What are Advance Directives?
Advance Directives are written, legal documents that allow you to make your healthcare wishes known in case you are unable to communicate. They guide your family and healthcare team through the medical treatments you wish to receive. It does not mean “don’t treat,” but does mean “treat me the way I want to be treated.” Studies show that even close family members often do not know each other’s wishes for end of life choices. Caring spouses often guess incorrectly about what kind of treatment their husband or wife would want.
Advance Directives are important because they:
In Pennsylvania, Living Wills and Durable Power of Attorneys for Healthcare DO NOT require a lawyer and do not require notarization. Pennsylvania law gives you the right to accept or refuse medical care.
It’s important to understand the difference between these free legal documents that relate to health care concerns, versus the legal documents that relate to financial concerns. This document clarifies the difference between these forms, including the purpose and the process.
Facts about Living Wills:
A Living Will is specific to end-stage medical conditions and describes the kind of treatment you want or do not want if you cannot tell your doctor yourself. Living Wills only apply to patients who have an end-stage medical condition OR are permanently unconscious AND who are incompetent. In other words, it applies only when medical treatment would prolong the dying process or keep you unconscious with no hope of waking. Your Living Will must be signed by you and witnessed by two other adults.
Your treating doctor can only follow your Living Will if:
Facts about Durable Power of Attorney (DPOA):
In a Durable Power of Attorney for Healthcare, you name another person to make treatment decisions for you anytime you lose the ability to communicate your wishes. This person is a guide for your treatment decisions. The DPOA is a more flexible document that can be used anytime you have treatment needs.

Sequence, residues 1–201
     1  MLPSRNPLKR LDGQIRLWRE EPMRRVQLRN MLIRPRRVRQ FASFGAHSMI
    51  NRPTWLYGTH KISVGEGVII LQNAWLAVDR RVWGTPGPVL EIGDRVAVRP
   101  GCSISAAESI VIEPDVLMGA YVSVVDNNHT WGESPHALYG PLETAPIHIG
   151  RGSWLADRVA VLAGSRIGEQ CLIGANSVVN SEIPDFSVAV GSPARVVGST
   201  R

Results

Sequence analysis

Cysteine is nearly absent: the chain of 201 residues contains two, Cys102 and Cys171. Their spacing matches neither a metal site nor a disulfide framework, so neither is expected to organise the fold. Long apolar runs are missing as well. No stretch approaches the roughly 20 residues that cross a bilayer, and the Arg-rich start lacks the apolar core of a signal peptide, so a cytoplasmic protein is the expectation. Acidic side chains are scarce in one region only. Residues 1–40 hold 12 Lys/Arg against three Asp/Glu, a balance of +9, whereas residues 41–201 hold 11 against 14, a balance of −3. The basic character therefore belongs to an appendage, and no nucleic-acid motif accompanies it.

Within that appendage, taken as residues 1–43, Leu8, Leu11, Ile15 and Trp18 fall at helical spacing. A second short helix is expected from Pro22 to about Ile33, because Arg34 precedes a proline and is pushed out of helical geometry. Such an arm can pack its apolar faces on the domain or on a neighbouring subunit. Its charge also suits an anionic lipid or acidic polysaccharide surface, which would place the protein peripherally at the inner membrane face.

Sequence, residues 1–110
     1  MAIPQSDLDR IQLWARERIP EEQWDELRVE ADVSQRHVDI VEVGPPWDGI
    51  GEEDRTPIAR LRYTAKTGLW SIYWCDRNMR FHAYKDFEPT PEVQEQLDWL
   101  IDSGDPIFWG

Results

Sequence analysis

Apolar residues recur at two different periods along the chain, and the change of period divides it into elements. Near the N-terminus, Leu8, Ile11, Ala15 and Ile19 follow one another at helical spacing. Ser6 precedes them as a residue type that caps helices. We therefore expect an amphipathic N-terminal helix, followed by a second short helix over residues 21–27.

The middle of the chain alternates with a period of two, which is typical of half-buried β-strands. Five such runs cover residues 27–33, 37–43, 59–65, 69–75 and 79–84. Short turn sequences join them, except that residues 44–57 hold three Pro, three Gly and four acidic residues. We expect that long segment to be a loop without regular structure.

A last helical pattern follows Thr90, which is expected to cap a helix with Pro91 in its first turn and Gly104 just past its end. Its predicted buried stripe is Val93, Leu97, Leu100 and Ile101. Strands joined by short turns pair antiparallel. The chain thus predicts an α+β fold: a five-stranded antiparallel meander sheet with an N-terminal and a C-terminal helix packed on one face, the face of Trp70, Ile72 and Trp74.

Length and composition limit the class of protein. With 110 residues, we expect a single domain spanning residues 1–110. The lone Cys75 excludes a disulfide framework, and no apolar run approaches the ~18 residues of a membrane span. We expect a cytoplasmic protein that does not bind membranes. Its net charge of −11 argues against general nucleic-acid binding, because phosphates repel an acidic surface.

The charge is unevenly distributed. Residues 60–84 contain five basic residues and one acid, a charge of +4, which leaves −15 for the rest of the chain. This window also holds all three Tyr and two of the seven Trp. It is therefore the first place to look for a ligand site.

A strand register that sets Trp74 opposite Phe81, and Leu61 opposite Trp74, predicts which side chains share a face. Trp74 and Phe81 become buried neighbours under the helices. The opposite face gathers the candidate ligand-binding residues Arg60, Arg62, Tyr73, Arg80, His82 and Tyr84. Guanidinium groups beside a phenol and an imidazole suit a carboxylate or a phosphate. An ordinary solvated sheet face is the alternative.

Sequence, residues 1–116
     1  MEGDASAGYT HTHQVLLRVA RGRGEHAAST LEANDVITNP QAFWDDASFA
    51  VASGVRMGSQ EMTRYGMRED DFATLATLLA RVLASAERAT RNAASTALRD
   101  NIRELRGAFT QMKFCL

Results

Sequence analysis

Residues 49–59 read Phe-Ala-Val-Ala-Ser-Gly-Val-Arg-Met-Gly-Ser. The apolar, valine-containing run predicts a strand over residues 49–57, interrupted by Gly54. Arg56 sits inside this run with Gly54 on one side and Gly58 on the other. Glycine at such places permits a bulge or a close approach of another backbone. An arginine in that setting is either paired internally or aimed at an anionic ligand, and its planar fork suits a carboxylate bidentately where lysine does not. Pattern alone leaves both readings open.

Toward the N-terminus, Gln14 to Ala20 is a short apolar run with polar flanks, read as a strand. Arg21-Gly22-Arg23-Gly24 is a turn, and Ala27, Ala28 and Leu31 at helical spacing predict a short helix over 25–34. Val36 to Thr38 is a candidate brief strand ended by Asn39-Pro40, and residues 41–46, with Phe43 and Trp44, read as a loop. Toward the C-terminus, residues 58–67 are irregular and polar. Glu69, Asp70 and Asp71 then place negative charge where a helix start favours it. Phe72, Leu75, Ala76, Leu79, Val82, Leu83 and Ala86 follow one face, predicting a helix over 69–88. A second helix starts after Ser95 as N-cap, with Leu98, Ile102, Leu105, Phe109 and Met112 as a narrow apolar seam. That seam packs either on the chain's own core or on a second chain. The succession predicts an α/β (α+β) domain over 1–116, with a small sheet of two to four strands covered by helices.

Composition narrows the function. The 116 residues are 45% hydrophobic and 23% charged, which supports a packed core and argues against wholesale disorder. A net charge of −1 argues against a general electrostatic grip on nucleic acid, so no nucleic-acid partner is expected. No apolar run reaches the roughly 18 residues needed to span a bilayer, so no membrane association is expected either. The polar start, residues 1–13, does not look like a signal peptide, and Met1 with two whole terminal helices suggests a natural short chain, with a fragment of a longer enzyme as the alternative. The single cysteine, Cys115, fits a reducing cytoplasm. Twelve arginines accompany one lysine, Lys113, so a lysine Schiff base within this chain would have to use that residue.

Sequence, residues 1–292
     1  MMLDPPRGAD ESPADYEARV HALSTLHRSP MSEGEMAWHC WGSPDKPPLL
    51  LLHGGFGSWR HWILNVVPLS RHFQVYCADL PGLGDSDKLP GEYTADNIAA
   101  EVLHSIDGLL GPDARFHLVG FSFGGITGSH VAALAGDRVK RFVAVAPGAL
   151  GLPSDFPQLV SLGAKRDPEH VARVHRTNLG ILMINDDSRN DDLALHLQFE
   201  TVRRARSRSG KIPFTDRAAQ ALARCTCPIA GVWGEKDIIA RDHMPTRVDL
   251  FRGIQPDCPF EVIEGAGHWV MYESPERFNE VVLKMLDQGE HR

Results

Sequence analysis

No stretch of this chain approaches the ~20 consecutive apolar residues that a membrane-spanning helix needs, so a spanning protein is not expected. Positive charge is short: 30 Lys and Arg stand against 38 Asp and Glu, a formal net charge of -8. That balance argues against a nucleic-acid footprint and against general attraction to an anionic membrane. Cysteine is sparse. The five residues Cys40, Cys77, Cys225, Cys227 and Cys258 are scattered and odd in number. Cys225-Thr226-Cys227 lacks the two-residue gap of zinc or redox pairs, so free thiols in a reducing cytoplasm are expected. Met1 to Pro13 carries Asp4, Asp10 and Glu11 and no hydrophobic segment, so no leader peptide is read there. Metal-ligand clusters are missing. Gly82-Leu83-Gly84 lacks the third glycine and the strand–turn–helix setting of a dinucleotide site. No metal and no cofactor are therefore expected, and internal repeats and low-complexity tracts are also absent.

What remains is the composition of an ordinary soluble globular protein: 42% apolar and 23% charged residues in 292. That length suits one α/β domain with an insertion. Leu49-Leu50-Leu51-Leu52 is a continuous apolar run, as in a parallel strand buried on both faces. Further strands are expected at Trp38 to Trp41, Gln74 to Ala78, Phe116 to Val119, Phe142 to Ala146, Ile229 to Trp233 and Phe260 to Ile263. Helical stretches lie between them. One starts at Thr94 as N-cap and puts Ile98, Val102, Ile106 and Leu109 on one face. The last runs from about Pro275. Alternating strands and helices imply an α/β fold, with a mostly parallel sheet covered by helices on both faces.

It is important to name someone who knows your wishes and who you trust to follow them. It is a good idea to choose a second or alternate DPOA. The Durable Power of Attorney for Healthcare Form must be signed by you and witnessed by two other adults who are not your named decision makers. It is recommended that Financial Wills and Financial Power of Attorneys be drafted by an attorney. Other names for DPOA include Medical Power of Attorney, Healthcare Agent, Healthcare Proxy, and Surrogate.
Does my doctor have to follow my Advance Directive?
Most healthcare facilities have policies to follow your Advance Directive, as long as it is valid under Pennsylvania law. If your doctor feels that the decisions being made are not in your best interest, he will talk to your decision maker and try to come up with a plan that works for everyone.
Can I change my mind?
You may change or cancel your Advance Directive at any time simply by telling your doctor or other healthcare provider. It is important to tell every healthcare provider and others who have a copy of your Advance Directive, including your hospital. You should include dates of the signatures.
Do I have to write an Advance Directive?
No, it is your decision whether to write one or not. Your treatment and its cost DO NOT depend on whether you have an Advance Directive.
If you do not have an Advance Directive and you cannot make treatment decisions for yourself, your doctor may discuss what treatment you should receive with your family members in the following order:
All Adults Need Advance Directives
Most people realize advance care planning is important as we age. However, advance care planning is important for younger people too. If you were ill or injured and unable to speak, who would know what kind of care you would want? Regardless of your age or health condition, it is important to discuss your choices before a health crisis.
The leading cause of death for those under the age of 40 is accidental trauma (such as motor vehicle accidents and drowning). These accidents can result in a state where the brain does not work and the person can’t make decisions. The well-known, publicized cases of Karen Ann Quinlin and Terri Schiavo are examples. They were in their twenties when their life-altering events occurred.
Accidents cannot be predicted in advance. Everyone needs to talk about advance care planning, not just older people. All adults over the age of 18 should discuss their choices with loved ones and complete Advance Directives.